Navy know-how drives land drone

This article has photo gallery Published on LEUT Ryan Zerbe (author), POIS Nina Fogliani (author)

Location(s): HMAS Cerberus, VIC

Topic(s): HMAS Cerberus, Innovation

Chief Petty Officer Electronics Technician Allan Winning, Petty Officer Electronics Technician Ben Kemp and Defence Civilian Bruce Fox testing the Critical Incident Response Vehicle at HMAS Cerberus, Victoria. (photo: POIS Nina Fogliani)
Chief Petty Officer Electronics Technician Allan Winning, Petty Officer Electronics Technician Ben Kemp and Defence Civilian Bruce Fox testing the Critical Incident Response Vehicle at HMAS Cerberus, Victoria.

A resourceful team at HMAS Cerberus has put their ingenuity to the test in making a remotely operated, land-based drone for use in emergencies on-base.

The Critical Incident Response Vehicle (CIRV) was designed by CPO Allan Winning, PO Ben Kemp and Mr Bruce Fox to provide mobile real-time video to Command in the absence of aerial drones.

The team have been working on the CIRV project since last year and have applied their robotic, electronic and software skills to develop a robust device with sophisticated control systems.

CPO Wining said the first hurdle was developing reliable remote control systems with built in redundancy.

“Using the same controls as off-the-shelf aerial drones wouldn’t work because they have a clear line-of-sight for their signal whereas a land-based drone would have physical obstacles blocking the signal,” he said.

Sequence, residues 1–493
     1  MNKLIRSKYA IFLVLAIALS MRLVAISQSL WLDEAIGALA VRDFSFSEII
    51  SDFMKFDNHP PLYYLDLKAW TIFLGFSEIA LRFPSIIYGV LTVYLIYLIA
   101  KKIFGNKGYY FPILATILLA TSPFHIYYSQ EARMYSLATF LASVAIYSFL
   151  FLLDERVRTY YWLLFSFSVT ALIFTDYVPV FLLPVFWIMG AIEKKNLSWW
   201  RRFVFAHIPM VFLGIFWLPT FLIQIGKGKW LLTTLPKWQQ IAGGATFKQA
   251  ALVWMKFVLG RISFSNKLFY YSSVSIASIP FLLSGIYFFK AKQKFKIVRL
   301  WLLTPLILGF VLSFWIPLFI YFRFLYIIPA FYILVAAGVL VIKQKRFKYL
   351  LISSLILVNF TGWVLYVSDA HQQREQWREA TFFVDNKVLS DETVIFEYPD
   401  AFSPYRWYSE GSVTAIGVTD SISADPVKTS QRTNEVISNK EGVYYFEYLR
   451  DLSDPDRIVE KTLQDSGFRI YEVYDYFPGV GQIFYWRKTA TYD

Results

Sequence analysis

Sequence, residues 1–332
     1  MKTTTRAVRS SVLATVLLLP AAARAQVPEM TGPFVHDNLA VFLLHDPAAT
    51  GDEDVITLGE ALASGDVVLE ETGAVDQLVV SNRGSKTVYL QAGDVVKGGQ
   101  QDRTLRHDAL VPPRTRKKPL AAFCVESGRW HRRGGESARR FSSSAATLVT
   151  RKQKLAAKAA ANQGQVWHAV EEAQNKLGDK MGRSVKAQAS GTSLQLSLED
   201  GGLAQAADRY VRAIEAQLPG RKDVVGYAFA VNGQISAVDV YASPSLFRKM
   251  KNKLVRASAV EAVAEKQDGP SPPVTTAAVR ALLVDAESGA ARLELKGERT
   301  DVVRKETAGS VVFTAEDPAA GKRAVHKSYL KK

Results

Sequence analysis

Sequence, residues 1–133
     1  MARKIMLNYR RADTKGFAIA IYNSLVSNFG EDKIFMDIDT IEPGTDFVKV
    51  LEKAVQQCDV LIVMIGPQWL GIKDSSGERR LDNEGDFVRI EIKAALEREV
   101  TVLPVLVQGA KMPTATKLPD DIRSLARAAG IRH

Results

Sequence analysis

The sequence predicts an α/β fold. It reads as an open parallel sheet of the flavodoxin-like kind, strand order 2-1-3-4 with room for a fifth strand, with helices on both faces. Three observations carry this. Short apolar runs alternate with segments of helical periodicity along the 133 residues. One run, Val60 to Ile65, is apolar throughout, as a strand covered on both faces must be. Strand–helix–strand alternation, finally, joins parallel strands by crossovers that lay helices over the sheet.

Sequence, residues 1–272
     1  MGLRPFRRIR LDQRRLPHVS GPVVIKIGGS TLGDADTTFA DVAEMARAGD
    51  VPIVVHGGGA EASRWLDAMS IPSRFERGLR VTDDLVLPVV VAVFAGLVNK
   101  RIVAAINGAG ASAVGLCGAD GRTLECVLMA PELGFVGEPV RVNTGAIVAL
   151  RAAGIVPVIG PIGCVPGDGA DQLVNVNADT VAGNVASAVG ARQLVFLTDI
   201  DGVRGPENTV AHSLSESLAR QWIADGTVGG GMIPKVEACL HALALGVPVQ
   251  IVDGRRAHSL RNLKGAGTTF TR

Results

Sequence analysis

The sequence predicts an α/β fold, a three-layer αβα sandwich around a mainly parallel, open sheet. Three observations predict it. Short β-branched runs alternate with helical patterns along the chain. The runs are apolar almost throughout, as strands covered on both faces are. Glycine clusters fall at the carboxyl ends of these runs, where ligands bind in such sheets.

“We experimented with 4G data and an Xbox controller on RC hobby cars, but this didn’t give us the desired level of control, so we tried Pixhawk autopilot hardware. 

By coupling the Pixhawk system with a Raspberry Pi 3 and ground control system called ‘Mission Planner’, the team started achieving the fully autonomous result they had been looking for.

“By March this year we had conducted autonomous testing of the system while also passing through video data with less than a second delay,” CPO Winning said. 

“Proof of concept had been met for Command so we went to work on building a full-scale steering system and body.”

The team settled on a small all-terrain vehicle design, weighing roughly 40kg and began to integrate the control and video components.

PO Kemp said the body had to be able to carry two cameras capable of seeing 180 degrees.

“We went with a metal body produced in the Technical Training Faculty’s Fabrication Workshop at Cerberus. This was chosen because it would reduce stray electromagnetic frequencies produced internally from affecting the Pixhawk autopilot sensors which are externally mounted,” he said.

“The Pixhawk and receivers were relocated into watertight containers on top of the CIRV to improve access, transmission and reception.” 

“We now have a CIRV capable of being controlled via a 2.4GHz system locally, a 915MHz system from up to 30 kilometres away, or from anywhere in the world with a 4G network. 

“Thanks to Bruce Fox’s IT knowledge we can also link high quality video to any internet capable device anywhere in the world.” 

The team behind the CIRV have documented the project so that others are able to operate and maintain it in the future while they also look to how they might boost performance by incorporating attachable devices.

“We’re proud of what we’ve built,” CPO Winning said.

“The CIRV has performed to expectations in recent tests and we’re keen to see what more we can do.”